February 14, 2019


CLASS STRUGGLE AND THE DREAMLIFE OF TRUMP NATIONAL: Indignant solidarity for my fellow golf-club workers (Paul Berman, February 13, 2019, The Tablet)

At age 16, I graduated from mowing the neighbors' lawns and watering their plants to my first real job, which was clearing tables and washing dishes at a college cafeteria, and then to a still better job, with looser hours and wider vistas, as golf caddy at Trump National Golf Club Westchester, known in those days as the Briar Hall Golf and Country Club, in Briarcliff Manor, New York. My career at the cafeteria was brief. During perhaps my second or third day on the job, I noticed that we cafeteria workers were entirely at the mercy of our supervisors, and we were not as well-remunerated as seemed to me just, and, furthermore, many of us, though not me, were members of a cruelly oppressed racial minority--notably the cooks, who were significantly older than 16, with power over the kitchen and impressive skills. And we ought to resist oppression.

I proposed unionization, to be achieved through militant action. And, a week or two later, I was, in a phrase that puzzled me, "let go." I never gathered the courage to tell my parents what had happened. I was ashamed to have lost my first job.

I was proud of the next job, though. After school when the afternoons were long, or on weekends and over the summer, I made my way to the caddy shack at the golf club and sat patiently on a bench until all the caddies with greater status than me had been called, and my turn at last came up. I threw a canvas golf bag, or maybe a leather bag, over my left shoulder and trundled around nine holes of the course, or around all 18 holes, in the footsteps of whomever I was serving.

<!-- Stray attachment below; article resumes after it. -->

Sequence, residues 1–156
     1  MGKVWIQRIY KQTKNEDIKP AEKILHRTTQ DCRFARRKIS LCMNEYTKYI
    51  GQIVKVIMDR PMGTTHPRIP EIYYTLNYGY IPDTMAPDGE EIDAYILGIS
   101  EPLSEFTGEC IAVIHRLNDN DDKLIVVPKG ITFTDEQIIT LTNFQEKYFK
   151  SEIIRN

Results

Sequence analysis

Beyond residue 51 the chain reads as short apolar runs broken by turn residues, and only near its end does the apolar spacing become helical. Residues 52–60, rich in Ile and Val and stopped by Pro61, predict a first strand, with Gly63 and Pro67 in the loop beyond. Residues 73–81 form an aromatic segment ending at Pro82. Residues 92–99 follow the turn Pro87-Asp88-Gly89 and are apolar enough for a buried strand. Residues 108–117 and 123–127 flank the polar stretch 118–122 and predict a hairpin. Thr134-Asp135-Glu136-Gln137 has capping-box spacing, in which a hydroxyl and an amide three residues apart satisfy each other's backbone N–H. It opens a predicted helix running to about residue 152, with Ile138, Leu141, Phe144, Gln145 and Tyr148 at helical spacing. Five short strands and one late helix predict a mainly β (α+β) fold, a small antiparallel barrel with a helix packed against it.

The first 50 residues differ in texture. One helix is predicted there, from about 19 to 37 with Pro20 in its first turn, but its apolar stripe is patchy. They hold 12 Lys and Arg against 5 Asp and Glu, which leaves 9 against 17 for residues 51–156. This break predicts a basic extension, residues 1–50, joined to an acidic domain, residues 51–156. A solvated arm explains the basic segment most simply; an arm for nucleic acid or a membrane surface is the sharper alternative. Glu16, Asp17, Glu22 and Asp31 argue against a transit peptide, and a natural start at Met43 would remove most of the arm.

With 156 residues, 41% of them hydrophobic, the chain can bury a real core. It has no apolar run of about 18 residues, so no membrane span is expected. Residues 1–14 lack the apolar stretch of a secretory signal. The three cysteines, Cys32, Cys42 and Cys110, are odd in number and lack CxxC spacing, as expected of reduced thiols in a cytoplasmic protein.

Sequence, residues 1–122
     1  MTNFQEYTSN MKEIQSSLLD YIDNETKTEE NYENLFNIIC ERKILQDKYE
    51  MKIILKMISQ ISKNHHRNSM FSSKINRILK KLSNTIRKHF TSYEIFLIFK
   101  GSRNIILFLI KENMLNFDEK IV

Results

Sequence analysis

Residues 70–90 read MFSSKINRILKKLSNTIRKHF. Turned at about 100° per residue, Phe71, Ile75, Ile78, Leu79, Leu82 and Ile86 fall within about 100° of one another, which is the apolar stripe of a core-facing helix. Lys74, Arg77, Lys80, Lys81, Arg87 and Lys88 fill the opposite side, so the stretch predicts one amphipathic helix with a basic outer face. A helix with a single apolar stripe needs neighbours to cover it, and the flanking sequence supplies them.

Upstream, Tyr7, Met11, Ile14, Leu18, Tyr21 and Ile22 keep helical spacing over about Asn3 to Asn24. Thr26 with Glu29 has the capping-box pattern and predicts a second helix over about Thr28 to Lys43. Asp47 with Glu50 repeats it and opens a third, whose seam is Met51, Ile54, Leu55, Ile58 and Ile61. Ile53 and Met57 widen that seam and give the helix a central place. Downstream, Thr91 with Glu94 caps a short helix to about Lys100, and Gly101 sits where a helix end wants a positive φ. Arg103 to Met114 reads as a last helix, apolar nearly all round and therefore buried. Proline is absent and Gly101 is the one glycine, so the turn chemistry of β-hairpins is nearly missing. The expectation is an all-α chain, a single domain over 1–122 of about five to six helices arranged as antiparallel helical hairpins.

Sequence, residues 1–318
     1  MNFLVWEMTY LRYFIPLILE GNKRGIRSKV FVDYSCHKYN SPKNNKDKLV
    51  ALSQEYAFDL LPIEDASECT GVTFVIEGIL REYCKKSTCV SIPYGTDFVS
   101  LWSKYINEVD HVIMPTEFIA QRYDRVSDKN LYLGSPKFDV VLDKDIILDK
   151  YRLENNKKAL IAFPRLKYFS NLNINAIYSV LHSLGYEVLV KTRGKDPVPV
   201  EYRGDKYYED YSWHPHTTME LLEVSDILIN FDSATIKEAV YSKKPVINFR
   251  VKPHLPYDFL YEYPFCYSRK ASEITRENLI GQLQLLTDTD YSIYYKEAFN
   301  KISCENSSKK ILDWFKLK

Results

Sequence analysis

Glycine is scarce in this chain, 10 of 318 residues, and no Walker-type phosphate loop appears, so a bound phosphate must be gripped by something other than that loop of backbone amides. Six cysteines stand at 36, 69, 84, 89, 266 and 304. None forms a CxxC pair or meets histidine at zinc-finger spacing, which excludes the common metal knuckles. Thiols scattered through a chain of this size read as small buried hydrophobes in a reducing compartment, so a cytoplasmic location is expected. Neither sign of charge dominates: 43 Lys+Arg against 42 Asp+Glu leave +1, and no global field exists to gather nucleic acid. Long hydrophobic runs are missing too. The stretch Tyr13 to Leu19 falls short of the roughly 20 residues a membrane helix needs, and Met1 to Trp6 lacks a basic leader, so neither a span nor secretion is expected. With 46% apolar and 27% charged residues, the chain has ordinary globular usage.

Sometimes, I was asked to carry two bags, which was difficult. My right shoulder was not as adept and horizontal as my left one, which allowed the bag to slide off. Two bags were heavy, and if they were plush leather and filled with extra and peculiar clubs, a 5-wood or 1-iron or an alternative putter, they were more than I could handle. No one took pity on me. The golfers strode about in their golfing attire and chatted among themselves and said almost nothing to me, apart from issuing orders. Nor were the other caddies full of talk. I labored. Zealously I tramped about in the weeds, looking for lost balls. And I set off along the fairways.

The slopes were ocean seas. The green grass brushed at my toes and parted in foamy waves, and a brine of the freshly mown swept over my cheeks, and I floated along with everyone else from tee to green, and tee to green, almost in silence, except for the regular thwack of the club blades hitting the balls, and snatches of conversation. Some of those golfers were laughably awkward at the game, the women especially, out for the first time, perhaps, on a golf course, unsure how to stand or swing. But we caddies knew how to stand, which was upright with the bags in front of us, like Civil War soldiers at parade rest in the war memorials, wordless, expressionless, snickerless, and reliable.

Best were Tuesday afternoons, when the greenkeepers irrigated the lawns and undertook repairs. The course was closed to the club members, and the caddies were allowed their day. Only a handful of us showed up for those afternoons, mostly the high school boys, and we wandered the course alone, past the noisy lawn tractors and the water sprinklers, carrying our own bags. I owned a set of nine or 10 mismatched clubs and was always well-stocked with the slightly damaged balls that I gleaned from the roughs, and the banged-up wooden tees that were everywhere to be found, and a leather fingerless glove, and that was sufficient.

Posted by at February 14, 2019 4:03 AM